I ran on to the water station just before 18 miles and decided to stop, take stock, tape my blisters up with rock tape and ask one of the volunteer race marshals if there was a cut-off time for the race. A very lovely lady wearing glasses just said “Dam Park Stadium closes after 8.00pm, don’t worry, keep going, there’s plenty behind you, enjoy yourself”. That lovely lady wearing glasses may never know it but I think she saved me from my first ever DNF (Did Not Finish) in a single sentence! To that lady, “thank you, thank you, thank you!”.
The rock tape did the trick, it took the edge off the blister pain and just the few minutes rest gave my legs enough of a boost to get going again. The knee still hurt on the uphills and downhills but I could live with that. I continued on for a few more miles passing checkpoint 2 at around 22 miles and picked up my drop bag with extra cereal bars and energy gels in it. By now I was thinking “I’m over the worst, you got this!”…… really, just really! My next learning curve was just around the corner in the form of “one cereal bar too many”. The coconut cereal bar I was trying to chew and swallow just wouldn’t go down, in fact it was more interested in coming back up if anything. I left that bar half eaten for a grateful looking cow and dumped the wrapper in the dump pocket of my hydration vest. I thought about that cow a fair bit later in the race……..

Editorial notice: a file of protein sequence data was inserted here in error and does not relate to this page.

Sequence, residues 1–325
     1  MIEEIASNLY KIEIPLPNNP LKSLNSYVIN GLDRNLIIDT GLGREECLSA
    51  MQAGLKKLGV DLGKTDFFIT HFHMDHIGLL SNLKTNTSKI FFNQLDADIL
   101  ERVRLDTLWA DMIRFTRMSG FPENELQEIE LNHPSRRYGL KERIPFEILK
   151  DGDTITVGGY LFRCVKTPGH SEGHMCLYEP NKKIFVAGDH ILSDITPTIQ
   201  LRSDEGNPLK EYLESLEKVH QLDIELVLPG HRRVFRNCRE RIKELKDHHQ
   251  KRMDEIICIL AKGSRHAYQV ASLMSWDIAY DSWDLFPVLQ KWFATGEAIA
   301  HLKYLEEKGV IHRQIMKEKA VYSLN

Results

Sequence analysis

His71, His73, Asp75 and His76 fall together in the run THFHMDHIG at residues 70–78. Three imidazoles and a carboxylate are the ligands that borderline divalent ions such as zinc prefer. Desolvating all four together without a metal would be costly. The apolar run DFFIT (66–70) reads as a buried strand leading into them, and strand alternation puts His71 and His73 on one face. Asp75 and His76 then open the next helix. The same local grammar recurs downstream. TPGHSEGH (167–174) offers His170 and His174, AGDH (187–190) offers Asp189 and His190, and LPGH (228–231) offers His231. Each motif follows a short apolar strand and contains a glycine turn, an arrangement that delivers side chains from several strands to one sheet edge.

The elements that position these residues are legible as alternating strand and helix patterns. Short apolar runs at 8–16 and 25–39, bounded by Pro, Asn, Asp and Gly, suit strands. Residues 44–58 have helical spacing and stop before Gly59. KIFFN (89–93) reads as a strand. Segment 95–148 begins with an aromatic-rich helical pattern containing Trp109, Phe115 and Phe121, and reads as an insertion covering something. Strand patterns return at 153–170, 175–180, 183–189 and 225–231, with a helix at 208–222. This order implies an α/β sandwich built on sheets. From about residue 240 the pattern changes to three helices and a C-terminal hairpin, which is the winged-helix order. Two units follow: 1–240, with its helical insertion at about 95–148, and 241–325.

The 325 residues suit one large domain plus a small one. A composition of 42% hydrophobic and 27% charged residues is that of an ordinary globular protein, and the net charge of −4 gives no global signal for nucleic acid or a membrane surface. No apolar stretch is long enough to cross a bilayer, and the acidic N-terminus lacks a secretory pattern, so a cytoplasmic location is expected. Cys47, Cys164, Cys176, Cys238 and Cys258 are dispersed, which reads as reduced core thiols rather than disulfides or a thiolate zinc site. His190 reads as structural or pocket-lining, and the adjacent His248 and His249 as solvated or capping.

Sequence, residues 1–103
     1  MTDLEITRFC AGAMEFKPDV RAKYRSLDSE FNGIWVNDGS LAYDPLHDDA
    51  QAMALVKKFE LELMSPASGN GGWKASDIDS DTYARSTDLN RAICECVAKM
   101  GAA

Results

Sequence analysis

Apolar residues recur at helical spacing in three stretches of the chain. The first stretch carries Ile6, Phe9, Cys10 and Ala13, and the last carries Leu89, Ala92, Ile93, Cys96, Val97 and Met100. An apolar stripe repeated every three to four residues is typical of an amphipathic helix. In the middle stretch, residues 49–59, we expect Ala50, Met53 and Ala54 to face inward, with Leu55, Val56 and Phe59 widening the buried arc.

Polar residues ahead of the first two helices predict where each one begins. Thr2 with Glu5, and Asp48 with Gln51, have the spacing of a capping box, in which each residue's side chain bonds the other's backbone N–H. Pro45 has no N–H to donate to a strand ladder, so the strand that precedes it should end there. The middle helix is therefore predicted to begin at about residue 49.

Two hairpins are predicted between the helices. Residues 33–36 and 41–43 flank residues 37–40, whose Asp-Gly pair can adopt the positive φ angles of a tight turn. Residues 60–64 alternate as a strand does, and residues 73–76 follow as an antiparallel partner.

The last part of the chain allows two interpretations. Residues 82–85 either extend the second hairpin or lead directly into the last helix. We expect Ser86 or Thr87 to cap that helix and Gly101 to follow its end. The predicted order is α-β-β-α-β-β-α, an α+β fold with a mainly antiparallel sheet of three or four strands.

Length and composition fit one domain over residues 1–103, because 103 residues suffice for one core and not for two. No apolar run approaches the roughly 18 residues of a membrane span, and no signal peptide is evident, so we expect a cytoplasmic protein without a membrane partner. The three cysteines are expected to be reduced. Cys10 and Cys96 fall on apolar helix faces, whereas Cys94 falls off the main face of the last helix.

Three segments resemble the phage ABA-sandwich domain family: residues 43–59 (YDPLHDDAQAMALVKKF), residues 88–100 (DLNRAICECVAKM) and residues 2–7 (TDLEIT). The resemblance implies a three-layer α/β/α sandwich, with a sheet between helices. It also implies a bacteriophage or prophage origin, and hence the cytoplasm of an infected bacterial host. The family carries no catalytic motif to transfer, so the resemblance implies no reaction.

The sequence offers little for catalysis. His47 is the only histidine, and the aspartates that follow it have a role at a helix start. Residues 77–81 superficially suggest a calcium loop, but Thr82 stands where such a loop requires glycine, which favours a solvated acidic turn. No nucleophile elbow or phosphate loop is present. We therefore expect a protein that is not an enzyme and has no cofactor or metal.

I’d read a bit about ultra-running so knew that emotional swings could be pretty common during long endurance runs but I’d convinced myself this was “only” a 40 miler, the shorter end of ultra-marathons so I was unlikely to experience this….. wrong again!! Remember the grateful looking cow? Well I started to feel sorry for that cow, I started to wonder if cows should eat coconut cereal bars. I wondered if that cow might get ill and the farmer would be mad at the River Ayr Way ultra-runners. Then I remembered that I didn’t see the cow actually eat the cereal bar so maybe I’d just littered the beautiful Scottish countryside with half a coconut cereal bar, are coconut cereal bars biodegradable? Surely something would eat it. Maybe whatever ate that coconut cereal bar really enjoyed it…….. and all of a sudden another couple of miles had passed.